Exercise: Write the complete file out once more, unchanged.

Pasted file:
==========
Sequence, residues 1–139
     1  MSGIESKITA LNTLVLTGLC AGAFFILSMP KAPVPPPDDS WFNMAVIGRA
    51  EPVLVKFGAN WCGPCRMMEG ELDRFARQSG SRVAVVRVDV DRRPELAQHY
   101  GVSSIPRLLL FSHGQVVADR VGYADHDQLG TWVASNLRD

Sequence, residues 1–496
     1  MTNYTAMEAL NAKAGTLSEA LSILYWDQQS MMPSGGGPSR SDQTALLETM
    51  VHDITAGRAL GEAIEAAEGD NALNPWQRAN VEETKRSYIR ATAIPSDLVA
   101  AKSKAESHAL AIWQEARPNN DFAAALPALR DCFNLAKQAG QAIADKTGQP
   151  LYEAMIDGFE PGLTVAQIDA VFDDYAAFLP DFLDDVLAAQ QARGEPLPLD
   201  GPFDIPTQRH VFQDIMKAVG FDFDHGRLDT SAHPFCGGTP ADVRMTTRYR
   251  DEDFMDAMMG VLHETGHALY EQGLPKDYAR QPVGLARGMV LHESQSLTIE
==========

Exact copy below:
Sequence, residues 1–139
     1  MSGIESKITA LNTLVLTGLC AGAFFILSMP KAPVPPPDDS WFNMAVIGRA
    51  EPVLVKFGAN WCGPCRMMEG ELDRFARQSG SRVAVVRVDV DRRPELAQHY
   101  GVSSIPRLLL FSHGQVVADR VGYADHDQLG TWVASNLRD

Sequence, residues 1–496
     1  MTNYTAMEAL NAKAGTLSEA LSILYWDQQS MMPSGGGPSR SDQTALLETM
    51  VHDITAGRAL GEAIEAAEGD NALNPWQRAN VEETKRSYIR ATAIPSDLVA
   101  AKSKAESHAL AIWQEARPNN DFAAALPALR DCFNLAKQAG QAIADKTGQP
   151  LYEAMIDGFE PGLTVAQIDA VFDDYAAFLP DFLDDVLAAQ QARGEPLPLD
   201  GPFDIPTQRH VFQDIMKAVG FDFDHGRLDT SAHPFCGGTP ADVRMTTRYR
   251  DEDFMDAMMG VLHETGHALY EQGLPKDYAR QPVGLARGMV LHESQSLTIE